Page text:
Georgetown University’s Newspaper of Record since 1920

The Hoya

Georgetown University’s Newspaper of Record since 1920

The Hoya

Georgetown University’s Newspaper of Record since 1920

The Hoya

New Perspectives and Pig Ears

Last Saturday, I tagged along on a Taiwanese American Students Association sibling outing. TASA upperclassmen brought their freshman “siblings” to Bob’s Noodle 66 in Rockville, Md., for club bonding and good food. Then, I wrote a column about Taiwanese food and how Taiwanese students find their Georgetown “family” through the club. Well, that’s how everything was supposed to happen.

But my life is marked by hilarious misadventures or, as one might say, “epic fails.”

The day started innocently enough. I was to meet TASA Secretary and Hoya Opinion Columnist Caitlin Gilbert (COL ’13) outside McCarthy to catch the 12:10 p.m. Dupont Circle GUTS bus. Alas, the outdated GUTS bus website deceived us — we luckily found the bus outside McDonough right before it left!

Only Caitlin, her sibling Annie Chiang (COL ’14) and I caught the bus after this last minute change. As we left Georgetown, Caitlin got a call from Gary Chung (MSB ’12), TASA co-president and self-professed Bob’s fanatic, telling us he was on his way  — to the GUTS bus stop.

It was no small miracle that we made it to the restaurant without delay or having our $20 bills eaten up by the SmartTrip machine. Gary eventually followed with his roommate Christian Fagel (COL ’12). At this point, this clearly wasn’t quite the sibling event Caitlin and I had in mind. But in anticipation of an authentic Taiwanese meal, none of us were complaining.

Bob’s exterior is fairly nondescript — but once you open the door, you know you’re in for the real deal: servers holler at each other in Mandarin, your nose fills with tempting smells and 95 percent of the patrons are Asian.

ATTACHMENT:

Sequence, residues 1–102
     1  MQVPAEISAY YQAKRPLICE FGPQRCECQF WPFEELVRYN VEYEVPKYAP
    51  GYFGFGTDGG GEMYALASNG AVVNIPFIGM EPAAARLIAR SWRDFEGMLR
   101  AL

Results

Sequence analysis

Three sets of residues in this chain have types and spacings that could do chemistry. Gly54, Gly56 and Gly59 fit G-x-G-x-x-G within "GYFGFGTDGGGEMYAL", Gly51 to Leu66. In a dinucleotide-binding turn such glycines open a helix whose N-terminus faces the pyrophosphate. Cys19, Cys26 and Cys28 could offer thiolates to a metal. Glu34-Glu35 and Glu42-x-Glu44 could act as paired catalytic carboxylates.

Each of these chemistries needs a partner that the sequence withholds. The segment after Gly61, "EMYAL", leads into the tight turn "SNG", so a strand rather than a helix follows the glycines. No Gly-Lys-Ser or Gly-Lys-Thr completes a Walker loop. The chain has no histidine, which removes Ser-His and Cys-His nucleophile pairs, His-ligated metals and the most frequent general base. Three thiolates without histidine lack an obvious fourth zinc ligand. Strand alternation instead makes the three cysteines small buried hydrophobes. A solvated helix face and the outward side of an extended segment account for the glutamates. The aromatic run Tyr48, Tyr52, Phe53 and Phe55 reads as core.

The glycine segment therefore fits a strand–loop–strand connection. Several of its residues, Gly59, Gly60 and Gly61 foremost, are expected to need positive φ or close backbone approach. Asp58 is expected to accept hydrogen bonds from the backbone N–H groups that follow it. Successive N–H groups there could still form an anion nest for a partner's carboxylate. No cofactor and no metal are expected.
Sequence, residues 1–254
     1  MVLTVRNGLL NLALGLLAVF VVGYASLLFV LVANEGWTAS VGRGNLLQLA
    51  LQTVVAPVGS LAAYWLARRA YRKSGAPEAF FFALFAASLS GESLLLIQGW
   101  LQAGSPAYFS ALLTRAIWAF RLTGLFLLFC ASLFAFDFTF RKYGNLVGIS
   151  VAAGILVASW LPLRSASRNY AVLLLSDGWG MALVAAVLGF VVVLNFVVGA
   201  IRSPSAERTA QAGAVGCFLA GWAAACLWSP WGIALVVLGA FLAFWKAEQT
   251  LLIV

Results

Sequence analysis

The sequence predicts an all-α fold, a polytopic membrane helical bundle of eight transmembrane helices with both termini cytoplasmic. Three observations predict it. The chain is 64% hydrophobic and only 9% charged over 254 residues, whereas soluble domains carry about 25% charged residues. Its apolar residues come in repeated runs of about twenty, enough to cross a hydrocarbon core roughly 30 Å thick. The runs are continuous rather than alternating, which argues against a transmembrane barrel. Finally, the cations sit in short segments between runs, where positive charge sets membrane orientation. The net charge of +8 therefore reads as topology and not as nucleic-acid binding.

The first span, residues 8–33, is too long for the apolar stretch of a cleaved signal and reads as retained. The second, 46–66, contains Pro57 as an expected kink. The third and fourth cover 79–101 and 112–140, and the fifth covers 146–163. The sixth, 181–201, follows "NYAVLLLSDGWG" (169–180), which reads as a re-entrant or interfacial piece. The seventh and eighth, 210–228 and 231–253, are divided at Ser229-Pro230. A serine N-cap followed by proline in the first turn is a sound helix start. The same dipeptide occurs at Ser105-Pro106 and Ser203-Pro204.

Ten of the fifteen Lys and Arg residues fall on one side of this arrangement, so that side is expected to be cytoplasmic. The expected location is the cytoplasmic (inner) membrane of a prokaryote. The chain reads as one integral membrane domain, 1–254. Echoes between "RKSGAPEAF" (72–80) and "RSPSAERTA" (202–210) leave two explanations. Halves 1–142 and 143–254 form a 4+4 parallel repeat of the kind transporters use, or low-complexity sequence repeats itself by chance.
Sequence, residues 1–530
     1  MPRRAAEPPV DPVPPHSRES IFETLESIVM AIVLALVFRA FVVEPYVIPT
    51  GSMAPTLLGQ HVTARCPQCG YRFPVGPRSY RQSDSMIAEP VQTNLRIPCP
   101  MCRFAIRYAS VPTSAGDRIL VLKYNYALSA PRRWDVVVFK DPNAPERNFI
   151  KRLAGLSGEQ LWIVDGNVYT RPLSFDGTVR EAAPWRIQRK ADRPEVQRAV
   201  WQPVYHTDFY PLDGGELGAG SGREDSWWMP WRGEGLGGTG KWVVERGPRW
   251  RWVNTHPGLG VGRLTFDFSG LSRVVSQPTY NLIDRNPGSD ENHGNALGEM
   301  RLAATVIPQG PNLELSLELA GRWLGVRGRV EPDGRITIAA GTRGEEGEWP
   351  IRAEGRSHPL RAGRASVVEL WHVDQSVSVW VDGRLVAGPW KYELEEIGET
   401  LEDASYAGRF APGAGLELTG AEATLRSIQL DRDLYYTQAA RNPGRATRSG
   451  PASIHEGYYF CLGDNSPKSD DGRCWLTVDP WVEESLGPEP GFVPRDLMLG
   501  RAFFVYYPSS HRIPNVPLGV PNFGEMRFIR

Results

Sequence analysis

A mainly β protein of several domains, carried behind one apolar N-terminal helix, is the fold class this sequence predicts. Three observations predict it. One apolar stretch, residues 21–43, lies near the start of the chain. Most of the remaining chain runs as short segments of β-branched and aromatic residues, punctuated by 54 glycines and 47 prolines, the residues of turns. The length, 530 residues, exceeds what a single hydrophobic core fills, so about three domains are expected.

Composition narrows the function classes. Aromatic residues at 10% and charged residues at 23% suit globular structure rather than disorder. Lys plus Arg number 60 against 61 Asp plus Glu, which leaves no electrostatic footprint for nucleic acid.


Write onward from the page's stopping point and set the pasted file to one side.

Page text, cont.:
The service is fast — our appetizers landed on the table before we decided on our entrees. Gary and Caitlin dove into a plate of pig’s ear, though the rest of us were hesitant to say the least. But it’s not every day I get the chance to eat pig’s ear (then again, nobody knows what’s in Leos’ mystery meat), so I dove in as well. It was thinly sliced, served cold and marinated in chili oil. It had an unfamiliar, springy, gelatinous texture — which was not unappealing at all.

Texture was a central feature of the oyster pancake: a fluffy omelet whipped with sweet potato powder, slippery oysters and spinach, topped with a mildly sweet and salty sauce. The omelet was my personal favorite of the meal — I love eggs, I love oysters and especially in combination. They can do no wrong!

For our entrees, Caitlin ordered her usual squid, mushroom and thick noodle soup. The rest of us were bestowed with hearty beef stew noodle soup — tender pieces of beef, spinach and fresh noodles in a salty beef broth — in bowls bigger than my head.

As we dined, we sipped on frothy, black milk bubble tea. Gary explained the food scene in Taiwan, “You can spend a whole day just eating. Taiwanese food includes a lot of small snacks — you can eat something in one place, walk a block and find another small dish.”

Caitlin brought a different perspective to the table, having grown up outside of Taiwan. She described her mom, who was born and raised in Taiwan, as “an amazing chef.” It’s clear that this girl knows her stuff — Ms. Gilbert is a foodie like no other and has sampled most of the Taiwanese spots in the D.C. metro area. Aside from Bob’s, she recommends A&J — but remains loyal to Flushing, a neighborhood in her native New York “packed with authentic Taiwanese food.”

Despite a successful meal (at $72 for five people, to boot), the day wouldn’t be complete without one last hitch. After being delayed for 20 minutes due to track repairs, the subway finally arrived and then left — without Caitlin and Annie — having shut its doors before they made it inside.

So we had issues with transportation and organization, and I didn’t get the story I was expecting. But Bob’s authentic Taiwanese cuisine spoke for itself — and was definitely worth the epic fails.


Christina Crisostomo is a sophomore in the School of Foreign Service. She can be reached at [email protected]Breaking Bread appears every other Friday in the guide.

Leave a Comment
Donate to The Hoya

Your donation will support the student journalists of Georgetown University. Your contribution will allow us to purchase equipment and cover our annual website hosting costs.

More to Discover
Donate to The Hoya

Comments (0)

All The Hoya Picks Reader Picks Sort: Newest

Your email address will not be published. Required fields are marked *